Cornhill cattle creep & cutting

(All photos © Jordan Thompson)

In 1881, plans to extend the Rothbury branch northwards to Cornhill - known as the Central Northumberland Railway - faced vigorous opposition from the traders of Alnwick, fearful that valuable agricultural traffic from Wooler would disappear to rival markets in Rothbury. And so, with some reluctance, the North Eastern Railway was prompted to promote its own 36-mile line from the existing terminus at Alnwick to Cornhill via Wooler. The company's proposal was by far the cheaper and an enabling Act passed through Parliament on 19th May 1882. Having cost £272,266 to build, communities along the route joined the age of the train on 5th September 1887.

Rich in engineering features, it would be easy to overlook some of the branch's lesser structures. There are several substantial culverts, three of which are shown on this page. About a mile south of Powburn, a cattle creep was constructed to provide a means of passing along Lincomb Dean which the railway crossed on a high embankment. The structure is predominantly stone-built, except for the arch which is brick.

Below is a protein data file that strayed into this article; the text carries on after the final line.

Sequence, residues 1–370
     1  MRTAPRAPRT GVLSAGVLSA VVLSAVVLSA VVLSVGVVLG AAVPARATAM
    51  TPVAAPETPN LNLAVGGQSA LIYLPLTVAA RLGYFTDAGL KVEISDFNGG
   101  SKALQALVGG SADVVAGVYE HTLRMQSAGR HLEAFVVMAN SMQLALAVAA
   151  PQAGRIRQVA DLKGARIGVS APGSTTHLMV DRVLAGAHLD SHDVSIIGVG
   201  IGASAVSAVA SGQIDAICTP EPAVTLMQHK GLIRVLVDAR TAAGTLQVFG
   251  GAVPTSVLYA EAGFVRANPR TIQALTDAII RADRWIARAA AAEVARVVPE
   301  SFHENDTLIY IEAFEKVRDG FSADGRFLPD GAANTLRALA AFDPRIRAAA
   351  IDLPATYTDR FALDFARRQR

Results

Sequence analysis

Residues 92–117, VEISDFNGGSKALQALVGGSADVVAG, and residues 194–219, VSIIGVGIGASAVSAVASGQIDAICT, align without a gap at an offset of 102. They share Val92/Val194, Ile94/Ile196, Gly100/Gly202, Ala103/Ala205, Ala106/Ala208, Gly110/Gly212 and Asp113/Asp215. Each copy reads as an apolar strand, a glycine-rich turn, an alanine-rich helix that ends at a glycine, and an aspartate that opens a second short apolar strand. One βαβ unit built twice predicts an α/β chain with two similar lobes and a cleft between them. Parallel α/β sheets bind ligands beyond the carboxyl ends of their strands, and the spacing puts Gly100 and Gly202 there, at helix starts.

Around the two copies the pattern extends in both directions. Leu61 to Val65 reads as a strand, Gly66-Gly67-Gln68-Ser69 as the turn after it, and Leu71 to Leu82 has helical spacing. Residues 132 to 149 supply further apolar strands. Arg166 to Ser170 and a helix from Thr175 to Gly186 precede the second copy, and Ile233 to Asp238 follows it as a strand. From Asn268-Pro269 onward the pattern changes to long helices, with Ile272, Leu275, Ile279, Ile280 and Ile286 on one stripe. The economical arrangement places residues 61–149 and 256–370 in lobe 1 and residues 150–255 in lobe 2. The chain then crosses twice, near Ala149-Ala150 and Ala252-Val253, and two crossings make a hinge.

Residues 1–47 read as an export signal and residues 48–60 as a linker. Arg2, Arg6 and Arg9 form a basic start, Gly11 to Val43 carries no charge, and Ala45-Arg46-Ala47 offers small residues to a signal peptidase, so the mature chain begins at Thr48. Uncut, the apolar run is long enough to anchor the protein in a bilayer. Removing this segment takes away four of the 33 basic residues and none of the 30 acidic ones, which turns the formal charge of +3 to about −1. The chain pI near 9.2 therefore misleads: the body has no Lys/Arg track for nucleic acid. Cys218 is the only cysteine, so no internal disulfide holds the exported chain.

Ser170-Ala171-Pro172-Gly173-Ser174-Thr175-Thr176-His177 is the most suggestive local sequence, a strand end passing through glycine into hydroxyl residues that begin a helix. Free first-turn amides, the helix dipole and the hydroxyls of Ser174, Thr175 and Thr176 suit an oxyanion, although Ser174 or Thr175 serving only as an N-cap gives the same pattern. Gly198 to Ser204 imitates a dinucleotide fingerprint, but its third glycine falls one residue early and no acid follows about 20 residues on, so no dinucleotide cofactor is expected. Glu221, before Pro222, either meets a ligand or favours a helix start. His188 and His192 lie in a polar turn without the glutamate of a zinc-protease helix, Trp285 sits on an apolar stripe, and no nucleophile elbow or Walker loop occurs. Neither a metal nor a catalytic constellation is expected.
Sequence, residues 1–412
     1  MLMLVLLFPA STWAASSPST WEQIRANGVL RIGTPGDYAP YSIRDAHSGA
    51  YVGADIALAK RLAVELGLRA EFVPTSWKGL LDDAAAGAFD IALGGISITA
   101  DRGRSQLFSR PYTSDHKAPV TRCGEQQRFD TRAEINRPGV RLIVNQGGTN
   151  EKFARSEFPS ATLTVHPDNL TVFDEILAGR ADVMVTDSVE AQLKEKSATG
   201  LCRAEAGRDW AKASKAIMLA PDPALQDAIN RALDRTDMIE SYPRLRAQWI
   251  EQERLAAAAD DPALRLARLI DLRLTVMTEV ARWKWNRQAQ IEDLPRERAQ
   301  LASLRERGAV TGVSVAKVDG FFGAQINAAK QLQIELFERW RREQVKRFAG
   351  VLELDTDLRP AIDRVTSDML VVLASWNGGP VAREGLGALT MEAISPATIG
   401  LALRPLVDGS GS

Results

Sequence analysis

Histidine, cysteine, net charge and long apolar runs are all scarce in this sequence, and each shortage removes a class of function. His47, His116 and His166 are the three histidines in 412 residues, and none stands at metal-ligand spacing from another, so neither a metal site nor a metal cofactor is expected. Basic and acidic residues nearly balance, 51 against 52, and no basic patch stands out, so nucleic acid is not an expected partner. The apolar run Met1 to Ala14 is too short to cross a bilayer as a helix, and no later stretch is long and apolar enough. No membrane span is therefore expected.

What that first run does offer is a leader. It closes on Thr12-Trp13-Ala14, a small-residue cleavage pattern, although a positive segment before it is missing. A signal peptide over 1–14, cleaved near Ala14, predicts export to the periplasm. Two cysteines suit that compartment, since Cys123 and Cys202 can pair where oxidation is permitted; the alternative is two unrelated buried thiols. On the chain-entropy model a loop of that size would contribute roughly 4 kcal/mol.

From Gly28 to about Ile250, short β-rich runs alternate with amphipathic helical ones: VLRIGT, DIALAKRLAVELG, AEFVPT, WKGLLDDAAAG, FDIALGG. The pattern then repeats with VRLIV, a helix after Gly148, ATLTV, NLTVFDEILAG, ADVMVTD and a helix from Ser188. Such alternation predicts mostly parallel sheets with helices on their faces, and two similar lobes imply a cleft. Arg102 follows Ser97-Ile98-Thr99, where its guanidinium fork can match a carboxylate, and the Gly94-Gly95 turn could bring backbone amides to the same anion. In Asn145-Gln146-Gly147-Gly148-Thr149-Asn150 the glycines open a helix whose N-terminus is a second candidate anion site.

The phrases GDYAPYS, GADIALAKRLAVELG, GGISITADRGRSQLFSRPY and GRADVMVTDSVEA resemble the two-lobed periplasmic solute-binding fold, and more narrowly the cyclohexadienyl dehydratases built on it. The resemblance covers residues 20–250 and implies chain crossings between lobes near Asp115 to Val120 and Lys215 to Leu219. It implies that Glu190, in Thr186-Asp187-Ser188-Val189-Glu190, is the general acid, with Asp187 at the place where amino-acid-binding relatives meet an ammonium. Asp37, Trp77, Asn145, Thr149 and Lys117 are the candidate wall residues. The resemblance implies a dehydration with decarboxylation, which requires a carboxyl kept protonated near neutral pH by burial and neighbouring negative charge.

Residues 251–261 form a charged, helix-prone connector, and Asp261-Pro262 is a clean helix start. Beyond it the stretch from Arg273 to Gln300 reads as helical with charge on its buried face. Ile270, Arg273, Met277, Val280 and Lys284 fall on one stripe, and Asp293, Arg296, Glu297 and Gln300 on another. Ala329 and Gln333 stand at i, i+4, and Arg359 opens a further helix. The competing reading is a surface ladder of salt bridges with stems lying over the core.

Further south towards Whittingham, a deep cutting had to be excavated, the sides of which are supported by lengthy retaining walls.

Long term, the Cornhill branch was not a roaring commercial success. Passenger services were withdrawn on 22nd September 1930, just 43 years after they started; the section of line through the cutting closed completely on 2nd March 1953.

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